Senate Criticise Privatisation of Nigeria’s Power Sector

The Senate, on Wednesday, therefore, called for a review of the privatisation process to maximise the capacity of the power sector.

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The Senate has criticised the privatisation of Nigeria’s power sector, saying the model adopted in the transfer from public to private operators has failed.


The Senate, on Wednesday, therefore, called for a review of the privatisation process to maximise the capacity of the power sector.

The lawmakers, while speaking on a motion by Senator Dino Melaye (Kogi/Kogi West) titled ‘DISCOSs, Electricity Consumers and the Burden of Overbilling,’ lamented the failure of the power sector even after it had been privatised.

Seconding the motion, Senator Bukar Mustapha (Katsina/Katsina North) stated that the problem with the sector was inefficiency.

He said, “The problem we have is the inefficiency within the system which we have actually, so far, not decided to address. I will give you a small example: Nigeria has an installed capacity of 12,522 megawatts of power; we have non-available of 5,300MW; we have non-operational capacity of 3,180MW; meaning that the amount that is actually available is just over 4,000MW out of 12,500MW.

“We have transmission loss of 228MW and we have distribution loss of 447MW. At the end of the day, only 3,800MW reaches the consumer, and we have commercial loss of more than 36 per cent. So, what is actually being paid for out of the over 3,000MW is only 1,800MW.

“So, unless and until we decide to look at this inefficiency within the value chain, there is no way we can have better electricity generation, distribution and also billing system in the country. So, I agree that the model they have used for privatisation has not worked. And unless and until this inefficiency is looked at, it will not work.”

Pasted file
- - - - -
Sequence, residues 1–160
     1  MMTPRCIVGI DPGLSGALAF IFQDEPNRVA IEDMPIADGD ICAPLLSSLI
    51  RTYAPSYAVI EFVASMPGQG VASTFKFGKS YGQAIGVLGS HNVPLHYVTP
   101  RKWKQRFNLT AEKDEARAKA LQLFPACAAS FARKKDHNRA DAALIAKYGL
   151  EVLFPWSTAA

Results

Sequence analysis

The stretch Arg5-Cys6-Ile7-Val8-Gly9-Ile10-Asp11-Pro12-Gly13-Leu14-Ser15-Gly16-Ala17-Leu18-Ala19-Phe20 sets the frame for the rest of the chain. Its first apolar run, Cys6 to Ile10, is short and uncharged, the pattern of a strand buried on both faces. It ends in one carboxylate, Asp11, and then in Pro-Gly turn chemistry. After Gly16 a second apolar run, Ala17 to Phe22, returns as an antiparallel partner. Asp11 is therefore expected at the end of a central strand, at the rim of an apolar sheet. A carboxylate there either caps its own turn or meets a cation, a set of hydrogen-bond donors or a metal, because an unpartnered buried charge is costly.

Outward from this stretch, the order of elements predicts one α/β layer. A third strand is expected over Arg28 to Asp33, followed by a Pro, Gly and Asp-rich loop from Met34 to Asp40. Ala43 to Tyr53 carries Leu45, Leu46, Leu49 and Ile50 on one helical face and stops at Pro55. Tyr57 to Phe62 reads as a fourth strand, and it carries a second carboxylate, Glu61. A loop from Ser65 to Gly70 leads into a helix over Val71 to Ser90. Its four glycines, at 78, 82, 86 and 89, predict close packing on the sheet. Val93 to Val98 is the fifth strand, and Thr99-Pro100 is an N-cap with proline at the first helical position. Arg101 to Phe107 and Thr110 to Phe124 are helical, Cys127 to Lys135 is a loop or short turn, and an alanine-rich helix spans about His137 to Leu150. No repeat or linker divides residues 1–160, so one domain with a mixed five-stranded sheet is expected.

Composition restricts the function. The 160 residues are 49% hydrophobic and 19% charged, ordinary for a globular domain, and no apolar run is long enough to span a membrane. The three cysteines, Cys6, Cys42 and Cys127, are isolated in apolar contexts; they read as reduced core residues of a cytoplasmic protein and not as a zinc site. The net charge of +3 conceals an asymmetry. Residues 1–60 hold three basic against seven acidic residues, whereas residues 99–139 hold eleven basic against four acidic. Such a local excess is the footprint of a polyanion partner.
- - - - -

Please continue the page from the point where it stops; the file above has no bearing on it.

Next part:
The senator further stated that if the sector had the capacity to generate 12,500 megawatts but it could only deliver 4,000MW, it meant that more than 75 percent of the capacity had not been utilised.

He added, “It means that we are sitting on an emergency situation and something has to be done drastically to address this problem.

“The value chain is weakest at the distribution companies’ level because they are the ones who collect the money and you will never know how much money is being collected because they have failed to install the metres that are needed. We need millions of metres.”

Mustapha recalled that some lawmakers visited a meter testing facility on Monday “because each metre has to be tested but there is no capacity to test the millions of metres in Nigeria.”

According to him, the DISCOs are supposed to provide the meters but lack the fund and technical capacity to provide the devices. “So, it means we have to revisit this as urgently as possible,” he stated.

The deputy president of the Senate, Ike Ekweremadu, who presided over the plenary, ruled that the motion be stepped down pending the outcome of the probe by the Abaribe-led panel.

“It makes better sense that we consider the report and be free to make our comment based on the recommendations by the committee,” he said.


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